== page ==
Digital Enterprise Journal (DEJ) surveyed and interviewed more than 1,300 organizations to discover best practices for adopting Observability strategies and technology solutions. This research will be published in DEJ’s upcoming study titled “Strategies of Leading Organizations in Adopting Observability” and this Analyst Note summarizes some of the key findings.
The study is leveraging DEJ’s Maturity Framework to identify a class of top performing organizations (TPOs – top 20 of research participants based on their performance) and analyze their strategies and technology capabilities they are deploying. Before we delved into capabilities that these leading organizations are leveraging and that are having the strongest impact on performance, we wanted to answer a few questions that are providing a context for the rest of the study.
Why is Observability such a hot topic?
Sixty-four percent of organizations have deployed, or are looking to deploy Observability capabilities. This ranks Observability as one of the top management concepts in the IT space. There are several reasons why that is the case, but from analyzing the survey data it comes down to five key areas:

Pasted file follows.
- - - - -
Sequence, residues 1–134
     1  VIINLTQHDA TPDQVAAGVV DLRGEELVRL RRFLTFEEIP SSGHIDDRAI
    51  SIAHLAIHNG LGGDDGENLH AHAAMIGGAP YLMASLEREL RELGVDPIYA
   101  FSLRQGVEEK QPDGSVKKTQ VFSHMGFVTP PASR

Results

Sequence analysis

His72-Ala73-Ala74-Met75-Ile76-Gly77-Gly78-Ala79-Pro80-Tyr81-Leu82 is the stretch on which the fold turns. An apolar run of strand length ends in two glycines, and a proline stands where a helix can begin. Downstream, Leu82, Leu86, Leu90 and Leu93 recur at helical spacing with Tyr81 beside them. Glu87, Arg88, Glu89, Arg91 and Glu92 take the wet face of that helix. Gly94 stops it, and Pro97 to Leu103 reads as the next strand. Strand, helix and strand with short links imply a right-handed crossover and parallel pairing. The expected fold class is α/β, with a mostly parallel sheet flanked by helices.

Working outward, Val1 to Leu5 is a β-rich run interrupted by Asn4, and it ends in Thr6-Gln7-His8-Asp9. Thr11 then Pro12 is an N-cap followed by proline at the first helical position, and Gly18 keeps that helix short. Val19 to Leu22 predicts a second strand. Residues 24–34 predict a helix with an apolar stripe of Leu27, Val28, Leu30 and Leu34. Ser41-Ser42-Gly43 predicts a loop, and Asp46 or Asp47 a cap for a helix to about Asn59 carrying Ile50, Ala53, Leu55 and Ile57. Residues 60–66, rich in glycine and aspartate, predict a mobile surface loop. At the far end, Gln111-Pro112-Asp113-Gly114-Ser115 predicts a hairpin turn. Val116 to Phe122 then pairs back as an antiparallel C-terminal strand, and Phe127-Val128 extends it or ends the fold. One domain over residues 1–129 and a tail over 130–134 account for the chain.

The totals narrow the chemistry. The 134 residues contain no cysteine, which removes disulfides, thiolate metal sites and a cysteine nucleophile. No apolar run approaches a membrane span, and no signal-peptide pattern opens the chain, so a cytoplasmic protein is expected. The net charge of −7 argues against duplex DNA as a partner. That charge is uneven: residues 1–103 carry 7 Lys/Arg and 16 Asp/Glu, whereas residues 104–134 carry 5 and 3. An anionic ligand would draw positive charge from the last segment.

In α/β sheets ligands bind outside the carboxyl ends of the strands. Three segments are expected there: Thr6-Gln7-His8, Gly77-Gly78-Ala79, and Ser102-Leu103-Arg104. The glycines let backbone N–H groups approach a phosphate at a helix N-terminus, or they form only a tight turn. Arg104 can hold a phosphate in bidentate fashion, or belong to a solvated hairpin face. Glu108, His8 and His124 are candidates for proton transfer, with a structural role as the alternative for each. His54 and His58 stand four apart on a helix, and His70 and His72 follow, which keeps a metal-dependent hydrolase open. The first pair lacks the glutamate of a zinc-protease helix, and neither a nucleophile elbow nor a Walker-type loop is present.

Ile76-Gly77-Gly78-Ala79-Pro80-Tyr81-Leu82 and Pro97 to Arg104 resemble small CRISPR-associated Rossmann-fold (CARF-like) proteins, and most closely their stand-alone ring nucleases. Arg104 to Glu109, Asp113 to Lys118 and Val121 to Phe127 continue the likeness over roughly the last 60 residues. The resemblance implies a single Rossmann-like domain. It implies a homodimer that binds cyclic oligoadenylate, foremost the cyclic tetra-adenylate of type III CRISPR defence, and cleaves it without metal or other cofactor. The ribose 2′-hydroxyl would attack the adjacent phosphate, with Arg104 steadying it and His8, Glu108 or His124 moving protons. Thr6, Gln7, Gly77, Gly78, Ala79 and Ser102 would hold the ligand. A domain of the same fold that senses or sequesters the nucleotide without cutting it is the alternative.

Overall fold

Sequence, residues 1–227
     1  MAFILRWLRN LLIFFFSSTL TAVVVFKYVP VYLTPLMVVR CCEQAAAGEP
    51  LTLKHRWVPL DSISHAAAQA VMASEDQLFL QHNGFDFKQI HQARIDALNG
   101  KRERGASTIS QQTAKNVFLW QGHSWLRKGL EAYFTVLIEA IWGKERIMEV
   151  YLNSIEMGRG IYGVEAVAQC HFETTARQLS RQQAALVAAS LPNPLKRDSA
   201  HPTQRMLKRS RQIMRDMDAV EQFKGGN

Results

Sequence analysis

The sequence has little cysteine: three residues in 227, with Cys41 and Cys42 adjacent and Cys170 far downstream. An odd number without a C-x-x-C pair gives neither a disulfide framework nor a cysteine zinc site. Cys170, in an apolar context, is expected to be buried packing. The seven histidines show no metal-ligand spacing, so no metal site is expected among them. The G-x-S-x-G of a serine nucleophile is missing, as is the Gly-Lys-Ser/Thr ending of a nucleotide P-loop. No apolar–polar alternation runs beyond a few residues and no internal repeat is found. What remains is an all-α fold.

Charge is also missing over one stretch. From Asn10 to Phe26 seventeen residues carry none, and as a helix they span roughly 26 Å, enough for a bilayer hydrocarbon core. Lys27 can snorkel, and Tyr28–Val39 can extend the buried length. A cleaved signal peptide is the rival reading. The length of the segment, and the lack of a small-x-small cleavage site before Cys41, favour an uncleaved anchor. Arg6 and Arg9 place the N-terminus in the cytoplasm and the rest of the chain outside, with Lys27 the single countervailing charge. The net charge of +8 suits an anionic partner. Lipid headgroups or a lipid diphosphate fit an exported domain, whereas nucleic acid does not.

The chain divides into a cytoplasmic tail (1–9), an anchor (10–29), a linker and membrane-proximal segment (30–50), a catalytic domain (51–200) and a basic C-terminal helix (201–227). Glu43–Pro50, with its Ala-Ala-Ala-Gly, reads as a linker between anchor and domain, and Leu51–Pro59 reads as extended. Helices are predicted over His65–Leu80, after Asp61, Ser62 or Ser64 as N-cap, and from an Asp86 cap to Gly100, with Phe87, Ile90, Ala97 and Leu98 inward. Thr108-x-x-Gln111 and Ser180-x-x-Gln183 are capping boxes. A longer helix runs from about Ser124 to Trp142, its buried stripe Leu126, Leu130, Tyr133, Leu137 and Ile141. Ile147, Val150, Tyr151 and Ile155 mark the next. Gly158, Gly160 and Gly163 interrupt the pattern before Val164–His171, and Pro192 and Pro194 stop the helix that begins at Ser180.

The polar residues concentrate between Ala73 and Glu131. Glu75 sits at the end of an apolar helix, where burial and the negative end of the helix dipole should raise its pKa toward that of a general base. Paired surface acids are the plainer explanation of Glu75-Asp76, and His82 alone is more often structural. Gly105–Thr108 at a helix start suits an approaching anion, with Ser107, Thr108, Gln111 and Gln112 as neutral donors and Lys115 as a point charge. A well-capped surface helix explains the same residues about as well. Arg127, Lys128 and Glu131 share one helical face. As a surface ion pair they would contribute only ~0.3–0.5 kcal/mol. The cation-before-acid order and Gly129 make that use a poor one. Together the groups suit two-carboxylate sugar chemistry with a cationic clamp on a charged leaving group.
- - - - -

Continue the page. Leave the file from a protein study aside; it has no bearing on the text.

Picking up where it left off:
- Loss of visibility – 58% or organizations reported that they lost visibility into the digital service delivery chain after conducting modernization projects (cloud migration, deploying microservices, adopting a cloud native approach, new software delivery approaches, etc.). For these organizations, adopting Observability is a way to replace monitoring solutions that are no longer effective.
- Business impact – 52% of Observability deployments are driven by the need to achieve specific business outcomes. DEJ’s recent study on the state of IT performance in 2022 showed that the impact on business outcomes is not only the #1 selection criteria, but it also grew in importance by 32% over the last 12 months.
- Better solution for persistent challenges – It is perceived as a more effective approach for addressing the same challenges that organizations have been struggling with for years. The study shows that some of the key challenges that organizations are looking to address by deploying Observability are: 1) inability to proactively prevent performance issues; 2) reduce time spent on troubleshooting performance incidents; 3) lack of actionable context for monitoring data, etc. These are the same challenges that were on the top of user organizations lists (in both IT Operations and DevOps research) over the last 3-4 years.
- As a term, Observability describes an outcome, not a tool, which resonates better with user organizations.
Do people have a clear understanding of what Observability is?